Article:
Griffin: continuing work for DFL

On March 24, I was disappointed to lose the Democratic-Farmer-Labor endorsement for state House to Phyllis Kahn, who has represented the University of Minnesota area for the last 39 years. As I look back at the challenges of my campaign, I am eager to continue working toward achieving the goals that the DFL party has set forth this coming election year. I am proud that my grassroots campaign empowered students to attend DFL caucuses and participate in the DFL SD-60 convention. However, I believe that meaningful steps must be taken to make the process more inclusive to underrepresented groups.

On Feb. 7, our community proved something important: University students are not politically apathetic. We found they have strong opinions; they are excited to get involved, and they want their representative to fight for what they believe in. The energy and participation of students in the political process are essential to creating policies that represent the true makeup of this district. Our campaign trained over a dozen University students in grassroots community organizing. We registered more than 600 student voters before the special senate election in December. We held over a dozen listening sessions around the district to develop policy proposals that met the needs of our student and new immigrant communities. This all translated to more than 200 students caucusing, most for the first time.

Despite the high turnout at the caucuses, less than half of the student delegates were able to attend the convention March 24. Many students expressed frustration about conflicts that prevented them from participating in the convention, like schoolwork and part-time jobs. Also, if our campaign had not provided transportation to the convention, the number of student participants would have been even lower.

It is essential to the strength of our community that we solve these problems before the next convention. First, the convention should be held close to campus. A location near the University would not only be more convenient, but it would also facilitate participation by the new immigrant communities of Cedar-Riverside and Seward. Second, let’s reorganize the agenda to ensure that the candidate endorsement process has the most participation possible. By having a set start time for the first round of voting, we could guarantee that all delegates could cast a vote for the most contentious elections of the convention. The convention lasted more than seven hours — with voting for state representative at the end of the agenda — and many delegates were forced to leave early to fulfill other obligations.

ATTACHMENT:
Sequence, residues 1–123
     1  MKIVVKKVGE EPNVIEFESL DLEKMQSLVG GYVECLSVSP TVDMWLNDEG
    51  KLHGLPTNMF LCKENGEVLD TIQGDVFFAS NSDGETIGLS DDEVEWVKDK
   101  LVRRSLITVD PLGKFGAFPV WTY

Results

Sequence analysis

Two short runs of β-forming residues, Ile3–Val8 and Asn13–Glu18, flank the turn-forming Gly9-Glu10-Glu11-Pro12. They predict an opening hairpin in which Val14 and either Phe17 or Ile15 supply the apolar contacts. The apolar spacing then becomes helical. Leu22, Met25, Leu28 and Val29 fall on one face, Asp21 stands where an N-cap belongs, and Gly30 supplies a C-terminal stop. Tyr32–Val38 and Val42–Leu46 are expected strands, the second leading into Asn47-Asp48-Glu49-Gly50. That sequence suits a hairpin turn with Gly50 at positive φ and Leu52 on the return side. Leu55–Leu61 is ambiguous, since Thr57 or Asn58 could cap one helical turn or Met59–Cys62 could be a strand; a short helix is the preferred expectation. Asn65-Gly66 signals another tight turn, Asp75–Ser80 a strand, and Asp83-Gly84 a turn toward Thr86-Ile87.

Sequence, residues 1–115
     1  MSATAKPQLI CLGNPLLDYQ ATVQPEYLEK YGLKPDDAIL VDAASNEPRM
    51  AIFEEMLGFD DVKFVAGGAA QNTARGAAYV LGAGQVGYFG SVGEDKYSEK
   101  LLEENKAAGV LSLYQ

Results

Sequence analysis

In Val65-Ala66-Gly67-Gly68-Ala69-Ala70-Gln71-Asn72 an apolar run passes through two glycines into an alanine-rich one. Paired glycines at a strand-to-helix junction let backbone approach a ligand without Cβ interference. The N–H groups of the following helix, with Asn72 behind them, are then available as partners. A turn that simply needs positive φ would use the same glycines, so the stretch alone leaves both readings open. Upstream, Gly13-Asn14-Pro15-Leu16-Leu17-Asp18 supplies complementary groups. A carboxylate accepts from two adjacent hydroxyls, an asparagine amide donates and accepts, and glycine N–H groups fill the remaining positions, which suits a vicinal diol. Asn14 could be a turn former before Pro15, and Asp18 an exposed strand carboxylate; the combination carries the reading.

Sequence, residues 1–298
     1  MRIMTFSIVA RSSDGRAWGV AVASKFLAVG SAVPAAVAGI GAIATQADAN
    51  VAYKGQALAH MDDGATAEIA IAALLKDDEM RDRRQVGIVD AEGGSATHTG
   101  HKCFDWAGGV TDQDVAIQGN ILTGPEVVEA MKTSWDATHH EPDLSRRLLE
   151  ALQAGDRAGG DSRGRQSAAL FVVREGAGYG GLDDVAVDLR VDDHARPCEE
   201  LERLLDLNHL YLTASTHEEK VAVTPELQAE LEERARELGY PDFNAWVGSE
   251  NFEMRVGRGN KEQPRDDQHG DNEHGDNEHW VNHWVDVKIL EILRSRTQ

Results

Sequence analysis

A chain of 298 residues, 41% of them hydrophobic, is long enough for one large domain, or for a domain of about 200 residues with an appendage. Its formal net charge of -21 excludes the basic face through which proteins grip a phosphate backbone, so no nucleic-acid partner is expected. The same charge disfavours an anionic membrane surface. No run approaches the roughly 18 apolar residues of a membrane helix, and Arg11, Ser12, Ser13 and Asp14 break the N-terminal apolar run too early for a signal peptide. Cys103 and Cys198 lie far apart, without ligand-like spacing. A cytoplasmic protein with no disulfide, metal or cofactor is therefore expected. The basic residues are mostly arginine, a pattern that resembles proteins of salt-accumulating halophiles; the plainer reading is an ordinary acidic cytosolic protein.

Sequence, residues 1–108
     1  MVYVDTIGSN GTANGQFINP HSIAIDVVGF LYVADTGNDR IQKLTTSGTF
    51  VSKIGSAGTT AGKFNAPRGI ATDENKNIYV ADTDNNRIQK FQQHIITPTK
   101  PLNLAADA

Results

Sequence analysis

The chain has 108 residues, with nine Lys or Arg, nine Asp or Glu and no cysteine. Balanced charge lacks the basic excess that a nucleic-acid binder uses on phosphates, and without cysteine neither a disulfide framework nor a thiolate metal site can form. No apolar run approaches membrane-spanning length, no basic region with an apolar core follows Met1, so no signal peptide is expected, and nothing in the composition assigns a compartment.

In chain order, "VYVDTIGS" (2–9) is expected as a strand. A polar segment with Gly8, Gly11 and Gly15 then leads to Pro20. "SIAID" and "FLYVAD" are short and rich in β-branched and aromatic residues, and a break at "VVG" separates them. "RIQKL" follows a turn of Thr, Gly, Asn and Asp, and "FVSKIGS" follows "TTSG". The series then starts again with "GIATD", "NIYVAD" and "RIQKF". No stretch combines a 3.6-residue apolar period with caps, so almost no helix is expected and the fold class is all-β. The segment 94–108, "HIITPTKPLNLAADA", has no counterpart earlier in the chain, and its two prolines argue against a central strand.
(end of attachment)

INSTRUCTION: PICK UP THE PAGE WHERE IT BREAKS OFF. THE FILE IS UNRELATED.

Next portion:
What groups of people can, without any limitations, give up an entire Saturday? These factors disproportionately affect students, new immigrants and working people, three core constituencies who have long been underrepresented at every level of politics.

The Democratic Party is committed to providing a voice for underrepresented people. While Republicans seek to silence the voices of students and minorities, we seek to amplify them. I promise that I will continue working to increase political engagement of all residents of our district, but I need help in opening up the process by which we select candidates.

Our democracy becomes stronger when more voices are heard. We began our campaign more than a year ago, not just to win an election but also to fundamentally change politics as usual in the University community, and that process continues.

Barriers to student participation were broken. I’m proud of our role in that, but we’re not done yet. By enfranchising students, the major parties will not only gain electoral strength, but Minnesota will benefit from civically active students. Most importantly, more engaged and aware students will not suffer the fallout of insufficient representation: tuition increases and job losses. I hope in the coming weeks and months we can discuss which steps we can take in the future to make this process more accessible to students.